US6793656 *Mar 6, 2000Sep 21, 2004Sdgi Holdings, Inc.Systems and methods for fixation of adjacent vertebrae
US6849064 *Oct 25, 2002Feb 1, 2005James S. HamadaMinimal access lumbar diskectomy instrumentation and method
US6929647 *Feb 21, 2001Aug 16, 2005Howmedica Osteonics Corp.Instrumentation and method for implant insertion
US7179225 *Aug 26, 2004Feb 20, 2007Shluzas Alan EAccess systems and methods for minimally invasive surgery
US7250052 *Oct 30, 2003Jul 31, 2007Abbott Spine Inc.Spinal stabilization systems and methods
US20010001119 *Dec 28, 2000May 10, 2001Alan LombardoSurgical screw system and related methods
US20020049368 *Oct 1, 2001Apr 25, 2002Stephen RitlandMethod and device for retractor for microsurgical intermuscular lumbar arthrodesis
US20020068975 *Oct 10, 2001Jun 6, 2002Teitelbaum George P.Formable orthopedic fixation system with cross linking
US20020082600 *Aug 29, 2001Jun 27, 2002Shaolian Samuel M.Formable orthopedic fixation system
US20020116000 *Oct 18, 2001Aug 22, 2002Zucherman James F.Supplemental spine fixation device and method
US20020116006 *Feb 21, 2001Aug 22, 2002Herb CohenInstrumentation and method for implant insertion
US20020123668 *Jan 29, 2002Sep 5, 2002Stephen RitlandRetractor and method for spinal pedicle screw placement
US20020138077 *Mar 25, 2002Sep 26, 2002Ferree Bret A.Spinal alignment apparatus and methods
US20020169448 *Mar 27, 2002Nov 14, 2002Vanacker Gerard M.Connector for an osteosynthesis system intended to provide a connection between two rods of a spinal osteosynthesis system, osteosynthesis system using such a connector, and method of implanting such an osteosynthesis system
US20020198526 *May 31, 2002Dec 26, 2002Shaolian Samuel M.Formed in place fixation system with thermal acceleration
US20030083657 *Oct 30, 2001May 1, 2003Drewry Troy D.Flexible spinal stabilization system and method
US20030083688 *Oct 30, 2001May 1, 2003Simonson Robert E.Configured and sized cannula
US20030083689 *Oct 30, 2001May 1, 2003Simonson Robert E.Non cannulated dilators
US20030130659 *Jan 10, 2002Jul 10, 2003Haider Thomas T.Orthopedic hook system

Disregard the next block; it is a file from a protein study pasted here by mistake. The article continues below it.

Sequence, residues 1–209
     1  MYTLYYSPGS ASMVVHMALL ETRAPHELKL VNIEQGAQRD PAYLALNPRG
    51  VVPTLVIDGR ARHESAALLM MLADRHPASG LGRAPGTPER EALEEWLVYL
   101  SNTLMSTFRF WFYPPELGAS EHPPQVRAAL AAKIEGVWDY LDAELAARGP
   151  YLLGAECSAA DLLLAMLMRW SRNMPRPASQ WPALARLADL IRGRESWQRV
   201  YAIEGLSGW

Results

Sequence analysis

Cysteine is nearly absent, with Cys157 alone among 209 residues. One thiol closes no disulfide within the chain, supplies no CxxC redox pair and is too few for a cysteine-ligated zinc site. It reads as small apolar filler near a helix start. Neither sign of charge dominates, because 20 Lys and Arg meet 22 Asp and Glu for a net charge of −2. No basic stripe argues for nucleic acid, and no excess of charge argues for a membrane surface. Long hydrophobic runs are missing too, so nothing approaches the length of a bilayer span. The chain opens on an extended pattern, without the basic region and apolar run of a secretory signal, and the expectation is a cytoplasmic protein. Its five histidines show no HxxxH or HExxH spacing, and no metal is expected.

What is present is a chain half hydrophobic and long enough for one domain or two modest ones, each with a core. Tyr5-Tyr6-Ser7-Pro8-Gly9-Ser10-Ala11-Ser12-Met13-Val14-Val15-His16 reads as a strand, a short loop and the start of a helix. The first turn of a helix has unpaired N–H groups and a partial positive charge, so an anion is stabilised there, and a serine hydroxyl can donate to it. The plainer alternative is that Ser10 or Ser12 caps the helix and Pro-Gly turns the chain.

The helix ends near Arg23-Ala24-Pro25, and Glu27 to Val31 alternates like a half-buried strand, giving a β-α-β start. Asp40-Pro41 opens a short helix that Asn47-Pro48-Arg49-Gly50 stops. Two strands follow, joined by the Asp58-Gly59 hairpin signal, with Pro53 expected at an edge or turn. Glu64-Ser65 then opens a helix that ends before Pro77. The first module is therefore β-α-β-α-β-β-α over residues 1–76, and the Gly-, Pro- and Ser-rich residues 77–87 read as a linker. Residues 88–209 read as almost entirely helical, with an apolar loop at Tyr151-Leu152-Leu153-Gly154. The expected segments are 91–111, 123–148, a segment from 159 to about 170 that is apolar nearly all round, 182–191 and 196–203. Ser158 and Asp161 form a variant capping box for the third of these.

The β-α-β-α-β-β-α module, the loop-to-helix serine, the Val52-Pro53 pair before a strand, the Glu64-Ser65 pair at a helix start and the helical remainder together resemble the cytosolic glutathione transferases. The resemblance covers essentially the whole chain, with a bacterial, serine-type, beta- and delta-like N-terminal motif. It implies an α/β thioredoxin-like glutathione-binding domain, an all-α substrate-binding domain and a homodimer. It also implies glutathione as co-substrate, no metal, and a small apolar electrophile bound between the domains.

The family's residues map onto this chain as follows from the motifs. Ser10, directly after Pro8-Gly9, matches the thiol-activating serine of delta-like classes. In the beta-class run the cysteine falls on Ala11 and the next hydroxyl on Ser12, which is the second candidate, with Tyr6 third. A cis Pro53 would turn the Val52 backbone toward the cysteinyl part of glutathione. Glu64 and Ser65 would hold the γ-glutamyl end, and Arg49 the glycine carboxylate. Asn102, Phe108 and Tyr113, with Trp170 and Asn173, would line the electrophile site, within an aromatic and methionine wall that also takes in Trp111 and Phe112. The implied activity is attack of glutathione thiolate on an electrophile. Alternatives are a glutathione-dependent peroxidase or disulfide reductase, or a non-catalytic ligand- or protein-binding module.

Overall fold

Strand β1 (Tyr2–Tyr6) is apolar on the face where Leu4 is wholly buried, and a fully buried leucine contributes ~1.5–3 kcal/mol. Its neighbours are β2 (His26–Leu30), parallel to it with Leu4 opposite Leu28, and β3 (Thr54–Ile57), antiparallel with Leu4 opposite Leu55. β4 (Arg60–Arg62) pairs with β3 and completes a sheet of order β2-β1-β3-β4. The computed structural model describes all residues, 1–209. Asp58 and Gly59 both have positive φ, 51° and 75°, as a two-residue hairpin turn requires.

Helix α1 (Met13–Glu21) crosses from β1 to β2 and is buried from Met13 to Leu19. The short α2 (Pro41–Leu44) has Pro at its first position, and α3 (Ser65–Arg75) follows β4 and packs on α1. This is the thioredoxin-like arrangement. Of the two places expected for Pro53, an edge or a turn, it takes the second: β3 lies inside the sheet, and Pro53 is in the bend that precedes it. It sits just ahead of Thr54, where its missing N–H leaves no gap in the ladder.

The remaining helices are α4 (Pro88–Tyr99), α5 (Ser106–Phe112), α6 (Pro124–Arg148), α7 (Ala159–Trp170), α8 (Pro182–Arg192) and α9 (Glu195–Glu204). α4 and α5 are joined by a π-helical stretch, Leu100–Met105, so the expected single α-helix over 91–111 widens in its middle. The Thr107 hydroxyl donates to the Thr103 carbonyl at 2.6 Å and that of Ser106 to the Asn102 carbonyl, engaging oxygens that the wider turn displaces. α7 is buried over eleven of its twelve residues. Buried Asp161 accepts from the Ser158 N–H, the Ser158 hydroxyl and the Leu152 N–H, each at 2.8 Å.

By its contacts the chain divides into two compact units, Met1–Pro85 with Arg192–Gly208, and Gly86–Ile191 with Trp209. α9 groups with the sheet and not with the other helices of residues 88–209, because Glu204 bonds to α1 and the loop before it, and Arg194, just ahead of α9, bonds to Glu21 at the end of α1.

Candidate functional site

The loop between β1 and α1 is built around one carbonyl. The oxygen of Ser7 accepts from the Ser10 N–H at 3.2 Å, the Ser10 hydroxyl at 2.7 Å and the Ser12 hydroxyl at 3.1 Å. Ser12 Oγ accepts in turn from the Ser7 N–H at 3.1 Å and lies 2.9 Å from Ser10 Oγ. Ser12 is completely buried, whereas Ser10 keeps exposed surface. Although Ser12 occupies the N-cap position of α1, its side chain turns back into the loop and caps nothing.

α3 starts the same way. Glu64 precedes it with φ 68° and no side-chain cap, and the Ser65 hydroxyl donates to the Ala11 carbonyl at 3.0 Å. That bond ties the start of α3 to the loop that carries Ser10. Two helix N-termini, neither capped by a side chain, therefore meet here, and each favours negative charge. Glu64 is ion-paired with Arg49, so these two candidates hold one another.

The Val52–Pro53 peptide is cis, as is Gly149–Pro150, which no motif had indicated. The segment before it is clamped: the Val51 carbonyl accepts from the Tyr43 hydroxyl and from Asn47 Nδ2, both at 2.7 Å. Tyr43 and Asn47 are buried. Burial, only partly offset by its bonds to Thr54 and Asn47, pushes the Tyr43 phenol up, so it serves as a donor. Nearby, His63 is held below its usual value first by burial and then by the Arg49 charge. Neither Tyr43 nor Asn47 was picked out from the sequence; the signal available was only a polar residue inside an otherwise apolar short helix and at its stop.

US20030195549 *May 16, 2003Oct 16, 2003Davison Thomas W.Cannula for receiving surgical instruments
US20030195550 *May 16, 2003Oct 16, 2003Davison Thomas W.Cannula for receiving surgical instruments
US20030195551 *May 16, 2003Oct 16, 2003Davison Thomas W.Cannula for receiving surgical instruments
US20030199885 *May 16, 2003Oct 23, 2003Davison Thomas W.Cannula for receiving surgical instruments
US20030208203 *Jul 25, 2002Nov 6, 2003Roy LimMinimally invasive instruments and methods for inserting implants
US20040039384 *Dec 17, 2002Feb 26, 2004Boehm Frank H.Device and method for pertcutaneous placement of lumbar pedicle screws and connecting rods
US20040138662 *Oct 30, 2003Jul 15, 2004Landry Michael E.Spinal stabilization systems and methods
US20040143265 *Oct 30, 2003Jul 22, 2004Landry Michael E.Spinal stabilization systems and methods using minimally invasive surgical procedures
US20040260284 *Jun 23, 2003Dec 23, 2004Matthew ParkerAnti-splay pedicle screw
US20040267277 *Jun 30, 2003Dec 30, 2004Zannis Anthony D.Implant delivery instrument
US20050065517 *Jun 15, 2004Mar 24, 2005Chin Kingsley RichardMethods and devices for improving percutaneous access in minimally invasive surgeries
US20050085813 *Oct 21, 2003Apr 21, 2005Innovative Spinal TechnologiesSystem and method for stabilizing of internal structures
US20050192570 *Feb 27, 2004Sep 1, 2005Jackson Roger P.Orthopedic implant rod reduction tool set and method
US20050192579 *Feb 27, 2004Sep 1, 2005Jackson Roger P.Orthopedic implant rod reduction tool set and method
Referenced by
Citing PatentFiling datePublication dateApplicantTitle
US7691132 *Nov 21, 2005Apr 6, 2010Zimmer Spine, Inc.Spinal stabilization systems and methods
US7824411Dec 15, 2004Nov 2, 2010Depuy Spine, Inc.Instruments and methods for bone anchor engagement and spinal rod reduction
US7824413Dec 15, 2004Nov 2, 2010Depuy Spine, Inc.Instruments and methods for bone anchor engagement and spinal rod reduction
US7842044Sep 26, 2005Nov 30, 2010Depuy Spine, Inc.Instruments and methods for bone anchor engagement and spinal rod reduction
US7887539Jan 20, 2004Feb 15, 2011Depuy Spine, Inc.Spinal rod approximators
US7887541Jul 26, 2007Feb 15, 2011Depuy Spine, Inc.Spinal rod reduction instruments and methods for use
US7914558Aug 24, 2007Mar 29, 2011Zimmer Spine, Inc.Spinal stabilization systems and methods using minimally invasive surgical procedures
US7988698Jan 28, 2003Aug 2, 2011Depuy Spine, Inc.Spinal rod approximator
US8075592Jun 18, 2007Dec 13, 2011Zimmer Spine, Inc.Spinal stabilization systems and methods
US8142437Jun 18, 2010Mar 27, 2012Spine Wave, Inc.System for percutaneously fixing a connecting rod to a spine